The death of the universe - Renée Hlozek
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But to do this we need some understanding of the intrinsic (underlying), or the average size of these features. These cosmic ripples in the CMB help us to do this. The ripples are set up when the universe was a hot fluid of plasma, when it was so hot that all electrons and protons were in a `soupy’ mix. This animation shows how the ripples imprint themselves on the CMB.
In a recent blog post on her own website, TED Fellow and cosmologist Renée Hlozek describes why this is a big day for astrophysics and cosmology. We asked her to explain what the excitement is all about. Read more on the TED Blog.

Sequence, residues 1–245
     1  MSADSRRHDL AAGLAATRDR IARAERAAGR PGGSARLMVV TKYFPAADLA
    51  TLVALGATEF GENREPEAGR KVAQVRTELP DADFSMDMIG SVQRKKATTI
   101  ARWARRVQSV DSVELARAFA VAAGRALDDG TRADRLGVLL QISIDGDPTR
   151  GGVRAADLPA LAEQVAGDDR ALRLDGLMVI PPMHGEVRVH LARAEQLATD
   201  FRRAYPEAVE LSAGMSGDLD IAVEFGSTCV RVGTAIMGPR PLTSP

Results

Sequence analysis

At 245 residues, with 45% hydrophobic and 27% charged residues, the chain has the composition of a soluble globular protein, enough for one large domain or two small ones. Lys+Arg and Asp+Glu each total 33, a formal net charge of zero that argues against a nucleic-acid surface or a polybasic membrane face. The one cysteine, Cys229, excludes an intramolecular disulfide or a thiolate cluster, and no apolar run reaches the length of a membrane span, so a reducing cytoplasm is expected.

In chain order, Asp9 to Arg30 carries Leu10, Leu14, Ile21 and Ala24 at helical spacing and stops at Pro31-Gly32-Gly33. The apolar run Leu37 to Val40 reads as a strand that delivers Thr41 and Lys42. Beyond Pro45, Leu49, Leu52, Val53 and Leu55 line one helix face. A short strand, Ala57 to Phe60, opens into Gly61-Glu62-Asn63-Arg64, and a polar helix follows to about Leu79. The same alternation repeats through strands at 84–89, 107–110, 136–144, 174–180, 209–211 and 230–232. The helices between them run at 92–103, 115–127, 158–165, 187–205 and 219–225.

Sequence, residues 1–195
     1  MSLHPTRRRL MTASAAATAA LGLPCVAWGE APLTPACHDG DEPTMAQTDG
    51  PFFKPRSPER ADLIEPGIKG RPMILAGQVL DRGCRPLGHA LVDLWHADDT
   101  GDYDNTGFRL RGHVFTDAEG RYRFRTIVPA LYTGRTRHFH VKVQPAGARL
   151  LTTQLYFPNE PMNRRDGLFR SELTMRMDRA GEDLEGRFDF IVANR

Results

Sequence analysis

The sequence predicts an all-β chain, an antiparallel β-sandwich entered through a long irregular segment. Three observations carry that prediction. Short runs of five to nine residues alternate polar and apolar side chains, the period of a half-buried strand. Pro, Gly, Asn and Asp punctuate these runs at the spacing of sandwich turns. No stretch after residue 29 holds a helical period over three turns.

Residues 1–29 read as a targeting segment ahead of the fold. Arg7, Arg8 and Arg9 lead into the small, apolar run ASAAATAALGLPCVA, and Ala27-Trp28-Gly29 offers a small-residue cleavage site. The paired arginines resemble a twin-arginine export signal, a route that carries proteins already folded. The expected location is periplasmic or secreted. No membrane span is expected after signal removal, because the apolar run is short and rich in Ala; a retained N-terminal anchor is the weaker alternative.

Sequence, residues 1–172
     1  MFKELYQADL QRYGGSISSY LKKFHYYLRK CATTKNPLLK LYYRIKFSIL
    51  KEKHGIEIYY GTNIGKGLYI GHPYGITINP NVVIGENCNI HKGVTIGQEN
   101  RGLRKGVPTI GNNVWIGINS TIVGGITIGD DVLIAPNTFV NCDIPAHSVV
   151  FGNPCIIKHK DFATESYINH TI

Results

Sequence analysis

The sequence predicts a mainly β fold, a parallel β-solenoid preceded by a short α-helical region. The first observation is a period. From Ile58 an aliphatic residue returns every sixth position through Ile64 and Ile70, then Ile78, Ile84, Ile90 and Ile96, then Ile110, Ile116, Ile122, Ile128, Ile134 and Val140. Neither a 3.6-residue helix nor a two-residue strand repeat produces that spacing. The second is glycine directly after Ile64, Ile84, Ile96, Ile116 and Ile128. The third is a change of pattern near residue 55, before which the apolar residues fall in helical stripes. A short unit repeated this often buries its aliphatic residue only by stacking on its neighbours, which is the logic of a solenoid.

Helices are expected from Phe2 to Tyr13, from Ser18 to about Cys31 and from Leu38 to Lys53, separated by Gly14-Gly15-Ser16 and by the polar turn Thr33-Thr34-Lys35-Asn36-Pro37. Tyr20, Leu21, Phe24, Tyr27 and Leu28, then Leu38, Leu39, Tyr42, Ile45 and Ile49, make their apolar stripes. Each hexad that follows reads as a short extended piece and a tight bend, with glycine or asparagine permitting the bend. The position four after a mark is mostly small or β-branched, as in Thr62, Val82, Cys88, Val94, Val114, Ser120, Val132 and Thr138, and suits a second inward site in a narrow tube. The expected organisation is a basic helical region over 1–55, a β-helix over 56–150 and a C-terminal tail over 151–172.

One of the ways we detect dark matter is by how it distorts light. Just like the kind of lenses made of glass that we wear in glasses, dark matter acts like a gravitational lens and bends light around it. This causes the light from background galaxies to be smudged, smeared and stretched. How much it is stretched depends on the distance between us, the foreground galaxies doing the lensing and the background galaxies, and also the mass of the lensing galaxies. You can read more about this lensing here.
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